# Math formula for game attack speed

I want to create a function for a game stat of attack speed, but I cannot figure out how to write a math function for this.

My formula should work in a way, if attack speed is 200%, it does 4 hits per second., 100% does 2 hits per second, 1000% does 10 hits per second etc..

These are the expected results:

 speed       attack_speed
100000%  = 1000
10000%   = 100
2000%    = 20
1000%    = 10
200%     = 4
100%     = 2
50%      = 1.5
10%      = 1.1
1%       = 1.01
0%       = 1
-1%       = 0.99
-10%      = 0.9
-50%      = 0.75
-100%     = 0.5
-200%     = 0.25
-1000%    = 0.1
-2000%    = 0.05
-10000%   = 0.01
-100000%  = 0.001


For example, If I give a speed value of -100%, it should return an attack_speed of 0.5

I was using the formula att_speed = 1 / (1 + speed / 100), but it didn't return correct results.

• i use base attack speed set at 1, various bonuses increase or decrease this factor by various percentages so for example 1 attack speed for me equals default animation speed for all types of attacks... but 2 attack spead means all animations are twice as fast... easier to calculate since the formula is literally : attacks per second * attack speed factor, most games infact use this formula, league of legends for example
– Cei
Jul 13, 2023 at 20:12
• @Basic try plotting the values. The graph bends, so no single affine function (y = mx + b) will fit the whole range. Jul 14, 2023 at 19:15

The target values you show in the table don't follow one consistent rule, so the best we can do is a piecewise approximation, using different formulas for different ranges.

I've highlighted in blue the ranges where each constituent formula fits well. The two rightmost sets show different ways of combining these parts to get a formula for the whole range.

• For high speed values (>= 10), attack_speed is equal to speed

(taking 100% = 1.0 as is standard convention - if your code stores this as 100 instead, then divide it by 100 first for all formulas in this answer)

• For values close to zero, attack_speed is equal to speed + 1

• For low values, the relationship is approximately hyperbolic. There's no hyperbola that matches the entire range, but for simplicity, 1 / (1.0 - speed) is a close approximation.

(I've included the results of Bogdan's answer, which is identical to the formula I show below for speed <= 200%, but retains some small error for higher speed values)

We can glue these three ranges together into a single formula as in the following pseudo-code:

float get_attacks_per_second(float speed) {

if (speed >= 0) {
// Linear segments:

// Smoothly ramp bias down from 1.0 for low speeds (<= 2)
// to 0.0 for high speeds (>= 10).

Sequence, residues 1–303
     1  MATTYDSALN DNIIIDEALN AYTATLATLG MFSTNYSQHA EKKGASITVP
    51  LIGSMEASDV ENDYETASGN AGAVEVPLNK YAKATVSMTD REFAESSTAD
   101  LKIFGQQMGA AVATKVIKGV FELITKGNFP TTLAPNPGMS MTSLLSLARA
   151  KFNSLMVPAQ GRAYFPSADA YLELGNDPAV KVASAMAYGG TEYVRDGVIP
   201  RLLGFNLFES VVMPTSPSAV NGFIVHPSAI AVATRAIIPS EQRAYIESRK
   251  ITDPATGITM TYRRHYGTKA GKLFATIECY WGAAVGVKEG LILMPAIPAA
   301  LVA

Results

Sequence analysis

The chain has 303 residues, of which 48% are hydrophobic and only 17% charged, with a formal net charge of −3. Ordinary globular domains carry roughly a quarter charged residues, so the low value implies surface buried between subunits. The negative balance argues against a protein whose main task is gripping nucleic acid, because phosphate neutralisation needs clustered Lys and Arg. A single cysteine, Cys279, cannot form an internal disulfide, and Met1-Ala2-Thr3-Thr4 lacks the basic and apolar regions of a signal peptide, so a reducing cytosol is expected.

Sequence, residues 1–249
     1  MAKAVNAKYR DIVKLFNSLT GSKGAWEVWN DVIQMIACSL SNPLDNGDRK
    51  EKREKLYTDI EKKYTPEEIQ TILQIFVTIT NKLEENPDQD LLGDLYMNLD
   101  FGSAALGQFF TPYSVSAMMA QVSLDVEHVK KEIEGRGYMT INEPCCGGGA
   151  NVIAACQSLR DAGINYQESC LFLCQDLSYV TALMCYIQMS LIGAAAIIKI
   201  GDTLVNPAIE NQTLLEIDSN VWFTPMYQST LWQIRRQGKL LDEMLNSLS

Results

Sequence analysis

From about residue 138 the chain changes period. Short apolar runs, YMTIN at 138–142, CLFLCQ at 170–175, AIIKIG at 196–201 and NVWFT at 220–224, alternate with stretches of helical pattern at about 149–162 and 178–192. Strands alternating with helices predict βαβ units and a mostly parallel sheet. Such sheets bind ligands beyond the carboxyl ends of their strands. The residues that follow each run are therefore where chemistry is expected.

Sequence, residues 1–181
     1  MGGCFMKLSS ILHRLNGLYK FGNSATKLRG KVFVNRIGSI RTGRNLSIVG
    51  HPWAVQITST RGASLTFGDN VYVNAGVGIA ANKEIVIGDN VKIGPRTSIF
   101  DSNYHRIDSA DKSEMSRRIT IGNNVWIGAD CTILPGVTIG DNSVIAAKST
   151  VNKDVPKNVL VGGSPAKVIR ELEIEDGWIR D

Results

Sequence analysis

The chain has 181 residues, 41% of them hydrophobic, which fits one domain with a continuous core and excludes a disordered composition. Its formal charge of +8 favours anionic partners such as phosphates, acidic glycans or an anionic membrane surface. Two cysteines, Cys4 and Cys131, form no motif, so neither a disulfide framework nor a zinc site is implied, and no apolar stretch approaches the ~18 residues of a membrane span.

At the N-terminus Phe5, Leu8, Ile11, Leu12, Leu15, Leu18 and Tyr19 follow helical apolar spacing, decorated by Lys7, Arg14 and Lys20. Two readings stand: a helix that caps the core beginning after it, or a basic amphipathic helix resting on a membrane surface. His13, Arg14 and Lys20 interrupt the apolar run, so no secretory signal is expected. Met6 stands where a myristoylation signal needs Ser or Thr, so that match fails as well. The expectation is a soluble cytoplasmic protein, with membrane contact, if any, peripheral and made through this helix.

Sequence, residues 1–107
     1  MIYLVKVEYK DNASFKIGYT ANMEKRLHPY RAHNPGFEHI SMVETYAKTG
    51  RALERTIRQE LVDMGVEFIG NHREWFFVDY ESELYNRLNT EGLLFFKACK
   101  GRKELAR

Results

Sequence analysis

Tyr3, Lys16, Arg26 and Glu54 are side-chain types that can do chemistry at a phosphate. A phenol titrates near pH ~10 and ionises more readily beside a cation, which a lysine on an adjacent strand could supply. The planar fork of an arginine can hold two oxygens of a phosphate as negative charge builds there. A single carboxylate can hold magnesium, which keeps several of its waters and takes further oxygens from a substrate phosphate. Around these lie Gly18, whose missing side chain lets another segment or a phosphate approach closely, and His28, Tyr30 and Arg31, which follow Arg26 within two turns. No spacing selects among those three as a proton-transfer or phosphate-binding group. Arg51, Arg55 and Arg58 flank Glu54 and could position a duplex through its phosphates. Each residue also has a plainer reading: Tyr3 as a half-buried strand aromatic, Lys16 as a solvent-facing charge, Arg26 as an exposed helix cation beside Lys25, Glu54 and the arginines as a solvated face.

float bias = 1.25f - speed / 8.0f;

// Clamp the bias between zero and one.
bias = clamp(bias, 0, 1);

return speed + bias;
} else {
// Hyperbolic segment:
return 1.0f / (1.0f - speed);
}
}


You can see this gives quite a good match across the whole range, with the exception of the point (2, 4) where the formula gives an output value of 3 instead. Looking at the graph though, it looks like that point at speed = 200% breaks the trend of the points on either side of it, and may be an outlier or error. We'd have to put a pretty severe kink in the curve to pass through that point.

• Thanks, thats a nice explanation! Jul 15, 2023 at 14:03
 void Update()
{
Debug.Log($"100000 = {GetAttcksCount(100000)}"); Debug.Log($"10000 = {GetAttcksCount(10000)}");
Debug.Log($"2000 = {GetAttcksCount(2000)}"); Debug.Log($"1000 = {GetAttcksCount(1000)}");
Debug.Log($"200 = {GetAttcksCount(200)}"); Debug.Log($"100 = {GetAttcksCount(100)}");
Debug.Log($"50 = {GetAttcksCount(50)}"); Debug.Log($"10 = {GetAttcksCount(10)}");
Debug.Log($"1 = {GetAttcksCount(1)}"); Debug.Log($"0 = {GetAttcksCount(0)}");
Debug.Log($"-1 = {GetAttcksCount(-1)}"); Debug.Log($"-10 = {GetAttcksCount(-10)}");
Debug.Log($"-100 = {GetAttcksCount(-100)}"); Debug.Log($"-200 = {GetAttcksCount(-200)}");
Debug.Log($"-1000 = {GetAttcksCount(-1000)}"); Debug.Log($"2000 = {GetAttcksCount(-2000)}");
Debug.Log($"10000 = {GetAttcksCount(-10000)}"); Debug.Log($"100000 = {GetAttcksCount(-100000)}");
}
float GetAttcksCount(int attackSpeed)
{
if (attackSpeed >= 0)
{
return 1f + 0.01f * attackSpeed;
}
else
{
return 1/GetAttcksCount(Mathf.Abs(attackSpeed));
}
}


• The expected results is almost similar to your ones. But your data a little bit wrong so 200=3 and there is plus 1 in some cases but I think it is not a problem for your task. Jul 15, 2023 at 21:45